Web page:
Hauya elegans

Thank you to Jacob K. aka morabeza79@Flickr for sharing today’s photograph via the BPotD Flickr pool (original). Do check out Jacob’s 1800+ photographs, almost all to do with plants — plenty of tropicals!

Although posted to Flickr as Hauya microcerata, Tropicos suggests Hauya elegans is the currently accepted name for Hauya microcerata using the 2007 Manual de Plantas de Costa Rica Vol. 6 as a reference. Without access to the reference, I can’t guess why Hauya microcerata has become a synonym. Other than Costa Rica, this species can also be found in Guatemala, Belize and the Chiapas state of Mexico.

If researching Hauya, or the tree evening-primroses (or evening-primrose trees), do note that the main flower in this photograph has already lost its petals (striking though it is without them). Photographs of a few Hauya can be found on the Onagraceae pages on the Smithsonian National Museum of Natural History site: Hauya.

Most Onagraceae are perennial or annual herbaceous plants — well-known north termperate genera such as Epilobium and Zauschneria; only a few genera like Hauya have woody representatives, such as the closely-related Fuchsia.

Information on Hauya microcerata can be found in this extraction from the Flora of Guatemala (use your browser’s search function to find Hauya on the page). Assuming that the information on Hauya microcerata on that page is applicable to this Hauya elegans, then this is a species of forested hillsides, particularly ravines. The Flora of Guatemala describes it as “…a beautiful sight when covered with the large, pure white, delicate flowers, which appear at the beginning of the rainy season when the oaks are developing new leaves and the whole aspect of the forest reminds one of a northern spring.”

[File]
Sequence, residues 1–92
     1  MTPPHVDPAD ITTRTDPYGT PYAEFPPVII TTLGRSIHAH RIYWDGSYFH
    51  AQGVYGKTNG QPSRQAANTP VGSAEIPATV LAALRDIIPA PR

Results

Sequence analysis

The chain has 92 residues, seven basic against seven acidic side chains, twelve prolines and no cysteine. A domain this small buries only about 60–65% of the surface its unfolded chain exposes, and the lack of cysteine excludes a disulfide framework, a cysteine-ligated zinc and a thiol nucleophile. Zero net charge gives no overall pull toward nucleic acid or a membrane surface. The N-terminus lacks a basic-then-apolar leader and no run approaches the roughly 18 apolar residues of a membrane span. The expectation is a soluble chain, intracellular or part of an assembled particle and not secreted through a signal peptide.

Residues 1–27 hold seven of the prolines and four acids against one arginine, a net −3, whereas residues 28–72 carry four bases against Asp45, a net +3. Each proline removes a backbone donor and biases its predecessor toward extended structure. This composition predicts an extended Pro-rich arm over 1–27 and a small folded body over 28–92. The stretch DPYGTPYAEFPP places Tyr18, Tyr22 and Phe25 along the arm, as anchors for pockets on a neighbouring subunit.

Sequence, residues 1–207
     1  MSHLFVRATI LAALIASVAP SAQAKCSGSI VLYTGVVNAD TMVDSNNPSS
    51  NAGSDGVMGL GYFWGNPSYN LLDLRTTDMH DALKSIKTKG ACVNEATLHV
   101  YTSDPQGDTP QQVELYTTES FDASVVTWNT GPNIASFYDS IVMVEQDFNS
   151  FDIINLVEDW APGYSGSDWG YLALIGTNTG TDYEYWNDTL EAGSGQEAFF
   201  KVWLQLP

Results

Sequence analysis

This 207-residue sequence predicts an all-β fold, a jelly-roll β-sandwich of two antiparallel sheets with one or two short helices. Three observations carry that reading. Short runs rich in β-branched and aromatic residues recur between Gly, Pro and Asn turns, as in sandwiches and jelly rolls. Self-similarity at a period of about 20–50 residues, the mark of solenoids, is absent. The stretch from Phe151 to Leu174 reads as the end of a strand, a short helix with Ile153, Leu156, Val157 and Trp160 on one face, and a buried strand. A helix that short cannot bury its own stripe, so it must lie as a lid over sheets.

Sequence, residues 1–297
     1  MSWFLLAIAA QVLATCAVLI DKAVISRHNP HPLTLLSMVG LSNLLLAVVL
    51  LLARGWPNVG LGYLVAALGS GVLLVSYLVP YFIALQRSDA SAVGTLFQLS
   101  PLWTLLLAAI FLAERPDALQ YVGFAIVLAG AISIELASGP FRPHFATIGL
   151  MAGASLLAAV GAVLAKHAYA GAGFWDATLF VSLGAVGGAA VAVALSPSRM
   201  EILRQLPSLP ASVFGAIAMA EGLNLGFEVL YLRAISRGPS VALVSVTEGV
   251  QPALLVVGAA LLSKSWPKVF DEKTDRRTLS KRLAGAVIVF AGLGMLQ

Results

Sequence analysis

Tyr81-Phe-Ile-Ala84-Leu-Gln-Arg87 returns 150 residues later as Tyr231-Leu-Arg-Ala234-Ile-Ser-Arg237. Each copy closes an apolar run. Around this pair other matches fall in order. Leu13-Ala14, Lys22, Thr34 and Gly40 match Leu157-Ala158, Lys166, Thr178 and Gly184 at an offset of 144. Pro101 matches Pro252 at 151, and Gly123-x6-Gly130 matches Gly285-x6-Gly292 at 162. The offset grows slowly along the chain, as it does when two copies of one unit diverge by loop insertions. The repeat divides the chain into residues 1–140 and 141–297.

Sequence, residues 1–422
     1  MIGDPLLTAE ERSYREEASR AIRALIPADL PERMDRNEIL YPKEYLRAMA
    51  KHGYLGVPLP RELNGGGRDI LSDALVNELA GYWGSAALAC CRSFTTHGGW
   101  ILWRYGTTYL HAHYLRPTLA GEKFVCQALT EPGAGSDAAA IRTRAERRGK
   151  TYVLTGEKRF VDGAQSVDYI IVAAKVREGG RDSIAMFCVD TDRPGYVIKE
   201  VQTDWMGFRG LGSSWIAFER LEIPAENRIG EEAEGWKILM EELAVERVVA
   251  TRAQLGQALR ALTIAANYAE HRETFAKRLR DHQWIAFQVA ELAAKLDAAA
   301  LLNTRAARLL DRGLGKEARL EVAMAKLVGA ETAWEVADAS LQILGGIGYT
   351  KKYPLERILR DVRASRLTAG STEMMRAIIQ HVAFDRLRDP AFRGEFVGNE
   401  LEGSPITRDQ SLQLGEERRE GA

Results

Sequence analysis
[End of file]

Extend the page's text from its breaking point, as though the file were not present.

Photography resource link: “Toward a Personal Style“, an article on NaturePhotographers.net by Michael Gordon.

Hauya elegans

7 responses to “Hauya elegans”

  1. Meg Bernstein

    Thanks for all the links, it’s fun to surf for such interesting plants.

  2. Jacqueline

    Lost its petals? Less is definitely more! Beautiful!

  3. Connie

    Happy new year, and thank you for these wonderful photos, the research and the links.

  4. charlene Pidgeon

    I’m a new and fascinated subscriber – Thank you foryour daily oferings Charlene Santa Barbara

  5. Sue Vargas

    Thanks Daniel,
    A mini botanty class every day! I love it.
    Many thanks.

  6. Old Ari

    And I thought that an Onagra was a wild donkey.

  7. Lorax

    Linneus named the genus now known as Oenethrea, “Onagra” because of the observed habit of Onagers (wild donkeys) to munch these plants first; Onagraceae (tree primroses) is named for Onagra (true evening primroses).
    Certainly, if my donkey has a chance to eat Fuchsias, he goes for them first. Presumably they taste better than, say, the Heliconiaceae.
    -Lorax, in Ecuador.

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